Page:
A Taxing Year Ahead
Photo:
Ray Paulick
Editor in Chief
People in the Thoroughbred industry might see some similarities between 1986 and 2001. And for that reason, they've got a right to be a little nervous about things.

In 1986, The Jockey Club registered an all-time high 51,296 foals in North America--twice the number registered just 15 years earlier, in 1971. Breeders were coming off a year, 1985, when the average price of a yearling was $41,311, nearly five times the average from 1971.

Despite the soaring auction prices, all wasn't rosy. Overproduction was rearing its ugly head. The percentage of horses failing to reach their reserve prices had been on the rise. The concentration of dollars at the high end of the market (1985 was the year of the $13.1-million yearling) camouflaged the economic problems of many middle-market breeders.

Then all the trouble began. The yearling average plummeted 17% in 1986, signaling a rocky ride that didn't bottom out until 1992, when it reached $22,791--fully 45% below its peak and the lowest yearling average since $19,846 in 1978. The size of the foal crop fell by 32%, hitting a low of 34,973 in 1995.

The market has recovered nicely. From 1992-2000, average yearling prices more than doubled to $54,506. Combining the four main segments of the auction market (weanlings, yearlings, 2-year-olds, broodmares), Thoroughbred sales topped $1 billion last year.

But, just as in 1986, all isn't rosy.

Supply, as measured by the number of horses offered and sold, rose substantially last year, and the size of the foal crop is moving upward again. The percentage of horses offered but not sold increased in 2000. Median prices for weanlings and yearlings were down. Just as in the 1980s, there was heavy concentration at the top of the market, with an all-time high 57 yearlings selling for $1 million or more. Analysis of middle-market prices showed an increasing number of yearlings failed to sell for a profit.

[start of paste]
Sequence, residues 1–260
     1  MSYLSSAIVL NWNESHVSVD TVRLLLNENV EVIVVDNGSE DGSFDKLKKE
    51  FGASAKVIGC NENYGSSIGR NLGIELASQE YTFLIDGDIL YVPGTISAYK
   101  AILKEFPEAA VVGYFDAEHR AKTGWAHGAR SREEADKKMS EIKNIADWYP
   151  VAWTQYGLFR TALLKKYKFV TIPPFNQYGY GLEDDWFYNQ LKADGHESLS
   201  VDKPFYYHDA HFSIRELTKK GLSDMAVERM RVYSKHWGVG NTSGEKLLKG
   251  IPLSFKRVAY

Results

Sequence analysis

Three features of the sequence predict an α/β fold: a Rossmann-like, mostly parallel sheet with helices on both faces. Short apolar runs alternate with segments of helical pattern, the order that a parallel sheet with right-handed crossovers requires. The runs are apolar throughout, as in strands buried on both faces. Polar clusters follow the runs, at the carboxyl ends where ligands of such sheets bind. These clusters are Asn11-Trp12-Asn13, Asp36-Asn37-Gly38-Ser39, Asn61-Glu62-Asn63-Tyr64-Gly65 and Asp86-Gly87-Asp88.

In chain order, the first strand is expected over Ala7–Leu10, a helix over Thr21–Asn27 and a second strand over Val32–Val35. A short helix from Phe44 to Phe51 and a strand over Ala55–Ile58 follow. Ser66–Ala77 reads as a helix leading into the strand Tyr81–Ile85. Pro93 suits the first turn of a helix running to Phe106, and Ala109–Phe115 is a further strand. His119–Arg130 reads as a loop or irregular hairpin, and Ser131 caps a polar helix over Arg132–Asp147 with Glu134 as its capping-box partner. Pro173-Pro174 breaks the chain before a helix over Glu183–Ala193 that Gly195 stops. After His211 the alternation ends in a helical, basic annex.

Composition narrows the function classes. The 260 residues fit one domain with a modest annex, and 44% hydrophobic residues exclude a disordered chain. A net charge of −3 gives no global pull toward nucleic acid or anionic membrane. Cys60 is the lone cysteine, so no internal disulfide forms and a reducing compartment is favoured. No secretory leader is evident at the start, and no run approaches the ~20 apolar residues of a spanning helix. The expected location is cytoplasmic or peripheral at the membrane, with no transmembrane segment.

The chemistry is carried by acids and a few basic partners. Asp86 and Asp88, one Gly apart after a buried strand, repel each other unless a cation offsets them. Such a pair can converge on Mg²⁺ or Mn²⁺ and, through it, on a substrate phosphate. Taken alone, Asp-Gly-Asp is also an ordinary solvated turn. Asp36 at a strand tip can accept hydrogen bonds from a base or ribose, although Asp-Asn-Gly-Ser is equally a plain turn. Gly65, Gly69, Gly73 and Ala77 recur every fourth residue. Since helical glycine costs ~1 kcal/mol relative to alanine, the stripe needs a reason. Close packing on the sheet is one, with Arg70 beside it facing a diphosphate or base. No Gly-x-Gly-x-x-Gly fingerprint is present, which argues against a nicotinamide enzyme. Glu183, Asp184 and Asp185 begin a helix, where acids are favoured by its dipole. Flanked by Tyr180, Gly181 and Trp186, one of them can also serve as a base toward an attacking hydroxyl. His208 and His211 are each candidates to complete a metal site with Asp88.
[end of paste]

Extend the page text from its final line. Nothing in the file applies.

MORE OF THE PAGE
Lagging a step behind in the bull market of the late 1990s were increases in stud fees and prices for shares in syndicated stallions. They've since caught up and, many breeders feel, have surpassed the increase in auction prices. Delayed reaction to a downward market by syndicate managers who didn't lower stud fees fast enough is what cost so many breeders in the late 1980s. Remember, commercial breeders making decisions today will not know if they were sound until their foals of 2001 are sold as yearlings in 2002. There are no crystal balls with 20/20 vision.

Another similarity between 1986 and 2001 is tax reform. The Tax Reform Act of 1986, pushed by President Ronald Reagan, was widely blamed for either causing or escalating the Thoroughbred industry's economic problems. A decrease in the tax rate, coupled with an increase in the capital gains rate and repeal of passive loss rules, served up a triple whammy for many Thoroughbred owners and breeders.

There hasn't been any tax reform in 2001, but it is high on President George W. Bush's first-term agenda. His proposal will push for a reduction in the income tax rate (not surprisingly, it's moved upward since 1986), which historically has not been good for the Thoroughbred industry.

Bush's package is also expected to include removal of the estate tax, which has been a hardship on many farm owners who inherited valuable land but had difficulty coming up with the money to pay taxes on the inheritance. That legislation came close to passing in the final year of President Bill Clinton's administration.

If the horse industry is lucky, perhaps the Bush tax plan also will include language that shortens the capital gains holding period for horses, from 24 to 12 months.

So we have a commercial market that is showing signs similar to the 1980s and a president bent on tax reform. Will history repeat?

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